Do you get furious when you see Republican state legislatures moving forward with their plans to disenfranchise minority voters? I do; it makes my blood boil-- and not just against Republicans, but also against Democratic wimps too scared to back the only kind of meaningful filibuster reform that will stop this in its tracks. Conservative Democrats from the Republican wing of the Democratic Party opposing filibuster reform-- namely Joe Manchin and Kyrsten Sinema-- and possibly Jon Tester, Dianne Feinstein and some of the others. Obama told Democrats they should do it-- even kill the filibuster entirely to protect voting rights, especially since its been used continuously to block civil rights legislation.
Earlier in the month Rev.Raphael Warnock (D-GA) gave his maiden floor speech and used the occasion to express the absolute importance of stopping the disenfranchisement in his state, Arizona, Iowa and others. "It is a contradiction," he said, "to say we must protect minority rights in the Senate while refusing to protect minority rights in the society. Colleagues, no Senate rule should overrule the integrity of the democracy and we must find a way to pass voting rights whether we get rid of the filibuster or not." Sunday on State of the Union, he re-emphasized his #1 priority. He told Dana Bash that "We have got to work on the infrastructure of our country, our roads and our bridges, and we have got to work on the infrastructure of our democracy. After all, the only reason we're able to get anything done, have the prospects of getting more done this Congress, is because people were able to show up and express their voices in their democracy."
He also pointed out that "We wouldn't have passed the American Rescue Plan had the people of Georgia not stood up in the way that they did, historic turnout. And, as a result of that, we were able to pass a historic piece of legislation, shots in people's arms, checks in their pockets… And so we got to do both of those things... The filibuster, at the end of the day, is about minority rights in the Senate. How are you going to insist on protecting minority rights in the Senate, while refusing to protect minority rights in the society? ... I think that we have to pass voting rights no matter what,” he said. “This is an assault on the covenant that we have with one another as an American people. And it's my job to protect it."
Former Orlando Congressman Alan Grayson may run for the U.S. Senate seat occupied by-- wasted by-- Marco Rubio. If you're at all familiar with Grayson's record in Congress, you can imagine who pissed off this voter suppression garbage makes him. Last night I asked him. I told me that "The Georgia Legislature, and its Governor, committed a mugging, in broad daylight. They didn’t grab a purse, or steal a wallet. No, they stole thousand and thousands of votes. The GOP now bears an ugly tattoo that it can never, ever wash away. The GOP is the anti-voting party and, therefore, it is the anti-voter party. VOTE! VOTE! VOTE!"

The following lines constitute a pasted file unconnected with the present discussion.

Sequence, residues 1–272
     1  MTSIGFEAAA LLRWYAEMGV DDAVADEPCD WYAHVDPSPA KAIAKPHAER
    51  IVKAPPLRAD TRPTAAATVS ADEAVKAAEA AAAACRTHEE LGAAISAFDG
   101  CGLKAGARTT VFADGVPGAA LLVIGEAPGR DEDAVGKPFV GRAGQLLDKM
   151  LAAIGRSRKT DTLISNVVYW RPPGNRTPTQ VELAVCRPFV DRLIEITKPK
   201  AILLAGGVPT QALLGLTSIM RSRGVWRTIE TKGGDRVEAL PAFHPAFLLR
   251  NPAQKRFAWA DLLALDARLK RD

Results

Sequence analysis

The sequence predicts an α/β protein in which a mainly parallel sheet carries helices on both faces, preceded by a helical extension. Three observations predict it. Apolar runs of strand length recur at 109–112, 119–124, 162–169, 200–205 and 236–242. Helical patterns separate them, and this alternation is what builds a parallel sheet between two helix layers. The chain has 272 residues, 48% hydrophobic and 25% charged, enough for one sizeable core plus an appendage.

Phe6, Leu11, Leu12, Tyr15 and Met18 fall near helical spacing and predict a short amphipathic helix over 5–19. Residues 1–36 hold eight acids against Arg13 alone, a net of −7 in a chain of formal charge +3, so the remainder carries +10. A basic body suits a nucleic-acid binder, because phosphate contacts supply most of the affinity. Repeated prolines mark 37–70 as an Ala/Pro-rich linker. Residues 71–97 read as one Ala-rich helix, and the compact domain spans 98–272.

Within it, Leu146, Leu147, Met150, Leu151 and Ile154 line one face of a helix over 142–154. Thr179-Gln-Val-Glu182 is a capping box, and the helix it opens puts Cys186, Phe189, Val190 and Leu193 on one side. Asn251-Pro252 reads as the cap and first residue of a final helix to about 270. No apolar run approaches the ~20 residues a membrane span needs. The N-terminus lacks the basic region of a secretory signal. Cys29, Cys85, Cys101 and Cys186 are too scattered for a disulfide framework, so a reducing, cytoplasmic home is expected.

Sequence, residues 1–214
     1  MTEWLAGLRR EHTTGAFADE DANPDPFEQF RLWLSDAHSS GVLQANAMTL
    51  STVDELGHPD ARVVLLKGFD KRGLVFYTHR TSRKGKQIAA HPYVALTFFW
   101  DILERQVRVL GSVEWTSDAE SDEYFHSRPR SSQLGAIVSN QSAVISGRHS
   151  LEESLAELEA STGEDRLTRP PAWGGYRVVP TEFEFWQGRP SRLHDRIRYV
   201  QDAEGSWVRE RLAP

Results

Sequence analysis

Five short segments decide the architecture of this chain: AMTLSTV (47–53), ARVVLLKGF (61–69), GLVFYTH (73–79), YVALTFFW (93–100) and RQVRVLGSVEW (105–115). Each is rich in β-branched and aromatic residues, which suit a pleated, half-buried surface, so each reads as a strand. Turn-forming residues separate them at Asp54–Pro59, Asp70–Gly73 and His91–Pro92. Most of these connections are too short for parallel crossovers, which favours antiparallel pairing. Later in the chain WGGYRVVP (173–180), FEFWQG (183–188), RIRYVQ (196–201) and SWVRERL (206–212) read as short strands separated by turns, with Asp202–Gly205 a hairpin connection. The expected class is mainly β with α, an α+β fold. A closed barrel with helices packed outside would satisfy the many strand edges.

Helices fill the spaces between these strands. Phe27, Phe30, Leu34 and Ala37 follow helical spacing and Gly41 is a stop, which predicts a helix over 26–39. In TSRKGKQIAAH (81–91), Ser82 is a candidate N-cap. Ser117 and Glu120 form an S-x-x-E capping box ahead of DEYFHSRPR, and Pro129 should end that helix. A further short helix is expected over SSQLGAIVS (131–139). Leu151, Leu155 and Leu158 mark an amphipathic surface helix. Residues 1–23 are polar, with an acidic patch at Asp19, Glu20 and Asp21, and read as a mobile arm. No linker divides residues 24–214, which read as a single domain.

Greenbelt Mayor Colin Byrd is running for one of Maryland's two U.S.Senate seats. He's the youngest Black mayor in Maryland, a state that has never elected a black senator. 50% of Marylanders are white and 30% are Black. My guess is that those numbers are nearly reversed when you're talking about registered Democrats. The state would do well to elect Byrd their first Black senator. Yesterday he told me he sees the issue of voter suppression much the way Rev. Warnock does. "The right to vote helps to preserve other rights and is part of the foundation for many other key policy priorities related to America's recovery from the pandemic, including things like infrastructure. So I agree with Sen. Warnock that the Republicans are waging war on American democracy by attacking voting rights, and I agree with him that the filibuster, which is ostensibly about protecting minority rights in the U.S. Senate, actually undermines minority rights in the U.S.A., because, with the filibuster, voting rights are that much more vulnerable. With the filibuster, national voting rights legislation is that much more elusive, and people of color in certain states are that much more likely to have their votes suppressed. Georgia's new law is a prime example of this, because the state's new law makes it more difficult for people to cast absentee or provisional ballots, limits drop boxes, undermines local election officials in places like Atlanta, criminalizes the mere act of providing people with food and water while they wait in voting lines, and suppresses voter turnout in runoff elections. But we can't just think about voter suppression as an issue that needs to be addressed in Georgia. It's a national issue. While Georgia's new law is the one getting all the attention on the Sunday shows, Georgia is not the only place that has been trying to limit voting. Such voting restrictions have also been implemented and/or proposed in several other states, including Iowa, Arizona, Florida, and Texas. That said, with or without the filibuster, Congress has to pass the For the People Act. The For the People Act would not only combat such state voting rights restrictions and expand voting rights; the bill would also help improve government ethics and reform campaign finance as well."